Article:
I have a dream today. I dream that all injured citizens will have unfettered access to a civil justice system that is apolitical. I dream that judges and juries are solely responsible, after a complete airing of facts and laws, for providing compensation to seriously injured victims. I dream that citizens who seek redress in the courts will no longer have to have justice determined by the political affiliations of the judges in charge. I dream that judges are elected or appointed by citizens, not politicians. I dream that all courts determine that all legislative attempts to restrict damages in civil cases are unconstitutional under the 7th Amendment of the Constitution. I dream that all injury victims will be judged by the severity of their injuries and the defendant’s behavior, not by political sway. I dream that justice shall be equal, regardless of whether you reside in a “blue” state or a “red” state or whether you live in the north, south east or west. I have a dream today, and only when all citizens rise up against injustice, any kind of injustice, will it ever come true.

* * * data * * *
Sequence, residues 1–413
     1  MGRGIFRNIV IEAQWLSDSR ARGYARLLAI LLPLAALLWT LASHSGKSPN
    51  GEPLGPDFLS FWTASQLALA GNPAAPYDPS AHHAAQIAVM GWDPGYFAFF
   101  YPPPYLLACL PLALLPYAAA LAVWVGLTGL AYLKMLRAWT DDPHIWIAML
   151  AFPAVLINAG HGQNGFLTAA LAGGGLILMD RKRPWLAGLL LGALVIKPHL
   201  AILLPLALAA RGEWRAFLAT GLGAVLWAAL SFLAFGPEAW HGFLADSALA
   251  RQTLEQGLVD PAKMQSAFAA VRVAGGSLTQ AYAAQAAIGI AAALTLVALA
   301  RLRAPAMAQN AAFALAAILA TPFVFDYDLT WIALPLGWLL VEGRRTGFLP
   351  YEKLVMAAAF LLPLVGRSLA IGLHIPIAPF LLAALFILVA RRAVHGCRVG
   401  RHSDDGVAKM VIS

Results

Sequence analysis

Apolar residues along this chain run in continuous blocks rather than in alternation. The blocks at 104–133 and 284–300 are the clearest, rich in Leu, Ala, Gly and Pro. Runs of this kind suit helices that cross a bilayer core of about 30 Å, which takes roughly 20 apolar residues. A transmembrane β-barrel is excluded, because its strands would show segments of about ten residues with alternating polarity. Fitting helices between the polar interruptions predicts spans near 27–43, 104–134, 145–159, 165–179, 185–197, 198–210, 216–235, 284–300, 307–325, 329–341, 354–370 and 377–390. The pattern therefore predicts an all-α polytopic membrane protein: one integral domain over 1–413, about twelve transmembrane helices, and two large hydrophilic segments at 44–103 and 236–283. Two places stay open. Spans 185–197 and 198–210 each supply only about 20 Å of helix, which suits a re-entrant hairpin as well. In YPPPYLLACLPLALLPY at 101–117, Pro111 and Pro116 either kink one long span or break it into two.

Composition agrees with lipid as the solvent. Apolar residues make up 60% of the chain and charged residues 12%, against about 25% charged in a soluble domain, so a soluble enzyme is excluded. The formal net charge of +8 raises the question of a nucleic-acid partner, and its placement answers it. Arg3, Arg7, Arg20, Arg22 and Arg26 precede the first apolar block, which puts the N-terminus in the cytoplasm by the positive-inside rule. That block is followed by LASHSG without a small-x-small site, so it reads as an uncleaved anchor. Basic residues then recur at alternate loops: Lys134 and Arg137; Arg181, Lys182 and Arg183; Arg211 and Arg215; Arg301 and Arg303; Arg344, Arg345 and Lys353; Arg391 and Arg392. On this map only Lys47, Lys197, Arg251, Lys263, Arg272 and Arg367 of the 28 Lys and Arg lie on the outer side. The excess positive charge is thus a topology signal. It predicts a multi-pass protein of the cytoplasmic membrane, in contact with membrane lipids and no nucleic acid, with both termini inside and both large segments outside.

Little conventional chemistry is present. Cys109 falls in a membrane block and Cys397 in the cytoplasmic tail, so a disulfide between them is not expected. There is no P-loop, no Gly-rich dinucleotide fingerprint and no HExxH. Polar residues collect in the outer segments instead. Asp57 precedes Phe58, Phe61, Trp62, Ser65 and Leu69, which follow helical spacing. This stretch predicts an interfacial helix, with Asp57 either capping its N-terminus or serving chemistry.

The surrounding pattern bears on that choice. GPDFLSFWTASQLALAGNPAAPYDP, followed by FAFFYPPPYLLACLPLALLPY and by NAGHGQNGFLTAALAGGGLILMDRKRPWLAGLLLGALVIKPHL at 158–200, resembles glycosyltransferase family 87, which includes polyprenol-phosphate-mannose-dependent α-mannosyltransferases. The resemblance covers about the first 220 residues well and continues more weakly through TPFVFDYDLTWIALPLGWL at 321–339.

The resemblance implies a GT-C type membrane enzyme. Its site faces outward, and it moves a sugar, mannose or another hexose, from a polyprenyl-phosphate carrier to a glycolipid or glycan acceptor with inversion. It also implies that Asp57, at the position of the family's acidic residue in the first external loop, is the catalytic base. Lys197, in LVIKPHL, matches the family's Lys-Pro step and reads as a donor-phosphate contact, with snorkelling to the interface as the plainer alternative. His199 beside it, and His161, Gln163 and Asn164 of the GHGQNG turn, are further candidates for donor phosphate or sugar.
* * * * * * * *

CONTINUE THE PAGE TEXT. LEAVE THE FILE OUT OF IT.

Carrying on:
Mark Bello is a Justice Pac member of the American Association for Justice, Sustaining and Justice Pac member of the Michigan Association for Justice, Member of Public Justice, Public Citizen, the American Bar Association, the State Bar of Michigan and the Injury Board.
Attorney, certified civil mediator, and award-winning author of the Zachary Blake Betrayal Series. Mark Bello is also a member of the State Bar of Michigan, a sustaining member of the Michigan Association for Justice, and a member of the American Association for Justice.